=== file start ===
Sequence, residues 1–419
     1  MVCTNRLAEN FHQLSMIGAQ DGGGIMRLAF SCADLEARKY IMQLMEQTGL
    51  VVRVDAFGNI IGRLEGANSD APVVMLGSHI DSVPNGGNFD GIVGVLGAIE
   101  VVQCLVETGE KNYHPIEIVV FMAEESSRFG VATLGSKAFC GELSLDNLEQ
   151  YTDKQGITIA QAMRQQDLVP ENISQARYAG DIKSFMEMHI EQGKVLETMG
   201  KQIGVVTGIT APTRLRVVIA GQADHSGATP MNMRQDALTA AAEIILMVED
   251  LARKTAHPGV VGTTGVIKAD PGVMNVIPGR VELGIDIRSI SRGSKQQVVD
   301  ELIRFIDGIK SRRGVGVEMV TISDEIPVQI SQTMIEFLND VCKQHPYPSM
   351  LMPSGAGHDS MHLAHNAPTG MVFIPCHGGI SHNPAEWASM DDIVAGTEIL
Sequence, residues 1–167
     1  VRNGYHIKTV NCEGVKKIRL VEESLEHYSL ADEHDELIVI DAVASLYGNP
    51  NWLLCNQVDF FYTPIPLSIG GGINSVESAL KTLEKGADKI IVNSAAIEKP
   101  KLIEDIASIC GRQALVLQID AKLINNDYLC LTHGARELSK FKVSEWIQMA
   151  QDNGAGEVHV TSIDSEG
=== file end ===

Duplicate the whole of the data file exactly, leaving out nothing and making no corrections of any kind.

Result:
Sequence, residues 1–419
     1  MVCTNRLAEN FHQLSMIGAQ DGGGIMRLAF SCADLEARKY IMQLMEQTGL
    51  VVRVDAFGNI IGRLEGANSD APVVMLGSHI DSVPNGGNFD GIVGVLGAIE
   101  VVQCLVETGE KNYHPIEIVV FMAEESSRFG VATLGSKAFC GELSLDNLEQ
   151  YTDKQGITIA QAMRQQDLVP ENISQARYAG DIKSFMEMHI EQGKVLETMG
   201  KQIGVVTGIT APTRLRVVIA GQADHSGATP MNMRQDALTA AAEIILMVED
   251  LARKTAHPGV VGTTGVIKAD PGVMNVIPGR VELGIDIRSI SRGSKQQVVD
   301  ELIRFIDGIK SRRGVGVEMV TISDEIPVQI SQTMIEFLND VCKQHPYPSM
   351  LMPSGAGHDS MHLAHNAPTG MVFIPCHGGI SHNPAEWASM DDIVAGTEIL
Sequence, residues 1–167
     1  VRNGYHIKTV NCEGVKKIRL VEESLEHYSL ADEHDELIVI DAVASLYGNP
    51  NWLLCNQVDF FYTPIPLSIG GGINSVESAL KTLEKGADKI IVNSAAIEKP
   101  KLIEDIASIC GRQALVLQID AKLINNDYLC LTHGARELSK FKVSEWIQMA
   151  QDNGAGEVHV TSIDSEG